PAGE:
Big Ten commissioner says NCAA enforcement is 'overmatched'

Big Ten Commissioner Jim Delany is the latest conference boss to call for reform in the NCAA

It's time to tally the commissioner scorecards now that all five of the power-conference bosses have delivered their summer media-days speeches.

Big Ten Commissioner Jim Delany was the last, and latest, on Monday to call for reform in the NCAA system.

"We have challenges," Delany said.

The bake-off winner, in terms of headlines?

Bob Bowlsby, Big 12. He put a jolt into last Monday's meetings in Dallas by declaring there was rampant cheating in college sports and also predicted the demise of some non-revenue sports. Bowlsby said he expected to spend the rest of his career in court.

None of the other four commissioners ventured that far toward doomsday.

"Bob was a little more colorful in his language," Delany joked.

Last week, Pac 12 Commissioner Larry Scott painted a more optimistic picture of an NCAA future saddled with court cases involving unionization, player licensing, and who knows what's next?

Southeastern Conference Commissioner Mike Slive quoted the most famous people -- Eisenhower, Gandhi, Churchill -- in getting across his message that change is coming.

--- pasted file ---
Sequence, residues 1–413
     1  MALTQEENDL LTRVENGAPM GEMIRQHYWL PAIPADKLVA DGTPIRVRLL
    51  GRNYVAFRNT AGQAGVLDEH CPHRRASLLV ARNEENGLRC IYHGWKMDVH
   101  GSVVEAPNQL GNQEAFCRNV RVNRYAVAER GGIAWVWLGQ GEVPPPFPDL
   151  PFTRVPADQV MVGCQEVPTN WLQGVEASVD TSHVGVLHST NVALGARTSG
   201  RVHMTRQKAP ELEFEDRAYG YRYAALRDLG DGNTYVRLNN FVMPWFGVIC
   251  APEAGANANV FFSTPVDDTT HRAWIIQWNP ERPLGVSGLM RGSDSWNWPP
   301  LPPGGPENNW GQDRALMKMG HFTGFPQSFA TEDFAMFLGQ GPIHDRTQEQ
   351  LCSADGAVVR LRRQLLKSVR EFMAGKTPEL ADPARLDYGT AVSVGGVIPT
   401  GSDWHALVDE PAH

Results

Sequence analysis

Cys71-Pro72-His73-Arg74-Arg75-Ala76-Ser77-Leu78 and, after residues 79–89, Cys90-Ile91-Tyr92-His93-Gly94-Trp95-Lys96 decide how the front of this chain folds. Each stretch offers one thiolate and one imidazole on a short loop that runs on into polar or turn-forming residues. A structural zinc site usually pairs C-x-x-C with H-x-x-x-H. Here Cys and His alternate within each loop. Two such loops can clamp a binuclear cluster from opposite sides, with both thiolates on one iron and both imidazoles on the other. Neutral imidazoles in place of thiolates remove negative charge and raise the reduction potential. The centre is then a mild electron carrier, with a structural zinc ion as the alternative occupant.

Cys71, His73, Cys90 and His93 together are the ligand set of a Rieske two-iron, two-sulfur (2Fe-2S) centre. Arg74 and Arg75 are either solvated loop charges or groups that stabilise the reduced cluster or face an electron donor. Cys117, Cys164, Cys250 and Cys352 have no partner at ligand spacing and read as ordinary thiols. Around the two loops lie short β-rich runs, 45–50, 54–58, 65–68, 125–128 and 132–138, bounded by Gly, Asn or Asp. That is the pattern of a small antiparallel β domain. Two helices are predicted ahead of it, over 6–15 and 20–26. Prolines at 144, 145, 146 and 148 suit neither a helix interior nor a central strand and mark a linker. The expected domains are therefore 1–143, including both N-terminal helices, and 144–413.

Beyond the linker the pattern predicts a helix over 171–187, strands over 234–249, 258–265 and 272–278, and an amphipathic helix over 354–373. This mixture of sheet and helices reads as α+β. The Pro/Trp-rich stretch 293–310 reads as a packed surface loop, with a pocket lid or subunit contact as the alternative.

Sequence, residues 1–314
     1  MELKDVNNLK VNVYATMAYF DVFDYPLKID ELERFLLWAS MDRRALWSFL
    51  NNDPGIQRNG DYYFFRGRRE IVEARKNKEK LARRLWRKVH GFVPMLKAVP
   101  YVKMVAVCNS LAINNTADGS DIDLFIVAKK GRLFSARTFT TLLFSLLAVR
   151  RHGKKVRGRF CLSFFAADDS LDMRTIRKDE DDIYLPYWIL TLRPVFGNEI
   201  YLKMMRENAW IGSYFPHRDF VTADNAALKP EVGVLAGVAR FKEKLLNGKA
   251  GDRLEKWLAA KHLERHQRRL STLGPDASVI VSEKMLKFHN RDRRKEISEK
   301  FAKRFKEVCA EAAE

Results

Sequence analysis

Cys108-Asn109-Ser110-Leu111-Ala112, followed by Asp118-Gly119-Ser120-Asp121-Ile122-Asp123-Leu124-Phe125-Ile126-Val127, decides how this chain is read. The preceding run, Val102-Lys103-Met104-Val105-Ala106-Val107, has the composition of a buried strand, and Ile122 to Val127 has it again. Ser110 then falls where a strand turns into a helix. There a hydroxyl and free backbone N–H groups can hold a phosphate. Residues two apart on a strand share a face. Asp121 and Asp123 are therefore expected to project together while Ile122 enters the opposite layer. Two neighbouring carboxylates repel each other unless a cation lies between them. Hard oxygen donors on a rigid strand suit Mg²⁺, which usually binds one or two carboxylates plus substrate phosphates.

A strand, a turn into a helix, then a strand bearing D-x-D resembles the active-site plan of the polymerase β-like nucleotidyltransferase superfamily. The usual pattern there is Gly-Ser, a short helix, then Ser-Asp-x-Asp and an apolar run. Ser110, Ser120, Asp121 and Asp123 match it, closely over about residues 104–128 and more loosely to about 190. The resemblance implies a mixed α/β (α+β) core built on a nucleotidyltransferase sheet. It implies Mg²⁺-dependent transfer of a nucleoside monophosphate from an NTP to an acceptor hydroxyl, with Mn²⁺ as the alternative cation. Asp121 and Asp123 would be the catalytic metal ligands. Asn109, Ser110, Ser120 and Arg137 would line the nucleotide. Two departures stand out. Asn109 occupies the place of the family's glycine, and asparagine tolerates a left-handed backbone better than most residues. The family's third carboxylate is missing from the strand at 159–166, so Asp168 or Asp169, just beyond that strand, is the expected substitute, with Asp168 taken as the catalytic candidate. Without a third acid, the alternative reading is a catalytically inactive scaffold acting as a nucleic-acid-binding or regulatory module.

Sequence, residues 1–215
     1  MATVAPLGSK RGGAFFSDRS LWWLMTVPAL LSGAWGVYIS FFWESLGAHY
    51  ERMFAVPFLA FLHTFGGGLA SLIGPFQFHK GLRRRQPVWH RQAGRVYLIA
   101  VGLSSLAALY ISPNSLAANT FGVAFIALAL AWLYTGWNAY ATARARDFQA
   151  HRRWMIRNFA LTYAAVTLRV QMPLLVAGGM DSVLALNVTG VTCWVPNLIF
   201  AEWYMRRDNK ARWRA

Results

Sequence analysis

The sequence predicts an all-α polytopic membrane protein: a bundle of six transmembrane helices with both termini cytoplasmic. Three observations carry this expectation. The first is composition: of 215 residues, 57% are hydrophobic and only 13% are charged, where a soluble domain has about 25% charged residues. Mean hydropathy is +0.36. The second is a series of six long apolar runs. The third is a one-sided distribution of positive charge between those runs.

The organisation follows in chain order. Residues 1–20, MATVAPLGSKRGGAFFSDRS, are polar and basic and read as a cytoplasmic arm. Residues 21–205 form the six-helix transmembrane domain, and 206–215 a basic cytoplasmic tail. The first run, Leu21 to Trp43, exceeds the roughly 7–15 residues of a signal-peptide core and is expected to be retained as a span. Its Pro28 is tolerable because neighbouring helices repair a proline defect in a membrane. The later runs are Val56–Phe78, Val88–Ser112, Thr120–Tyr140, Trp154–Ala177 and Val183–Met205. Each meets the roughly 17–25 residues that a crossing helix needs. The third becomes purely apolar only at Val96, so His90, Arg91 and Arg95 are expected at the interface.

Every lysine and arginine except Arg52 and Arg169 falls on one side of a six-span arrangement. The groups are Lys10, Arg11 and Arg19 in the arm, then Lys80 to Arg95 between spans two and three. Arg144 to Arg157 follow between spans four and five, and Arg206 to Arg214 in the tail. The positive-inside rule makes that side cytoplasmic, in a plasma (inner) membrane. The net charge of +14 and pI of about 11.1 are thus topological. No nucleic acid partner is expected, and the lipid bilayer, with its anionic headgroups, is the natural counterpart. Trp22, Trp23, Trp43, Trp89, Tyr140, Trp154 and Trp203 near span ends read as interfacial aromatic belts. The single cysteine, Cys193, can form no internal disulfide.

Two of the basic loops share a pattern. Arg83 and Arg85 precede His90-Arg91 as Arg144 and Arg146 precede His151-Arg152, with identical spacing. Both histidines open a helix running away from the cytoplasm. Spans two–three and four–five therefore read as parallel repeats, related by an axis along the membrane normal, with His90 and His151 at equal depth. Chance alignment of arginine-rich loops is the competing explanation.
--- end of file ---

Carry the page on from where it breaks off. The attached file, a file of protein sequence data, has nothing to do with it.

Quoting Dwight David Eisenhower, Slive said, "Neither a wise man nor a brave man lies down on the tracks of history to wait for the train of the future to run him over."

Atlantic Coast boss Jim Swofford said of the future: "That crystal ball sometimes is a little cloudy."

Delany, who started his career as an NCAA enforcement rep, offered only that the system is "overmatched" and needs to be fixed.

"We need regulations, we need a system that works," Delany said. "I think there's no doubt NCAA enforcement has struggled over the last couple of years."

Delany also anticipates major changes to the system. Beyond that, he's not sure where it will all lead. The next big date is Aug. 7, when the NCAA is expected to grant the Big Five football conferences more autonomy. The should clear the path toward awarding players additional stipends.

"We have litigation, a lot of it," Delany said. "I don't know where it all ends up. It may be a number of years before it becomes clear."

Copyright © 2017, Los Angeles Times
EDITION: California | U.S. & World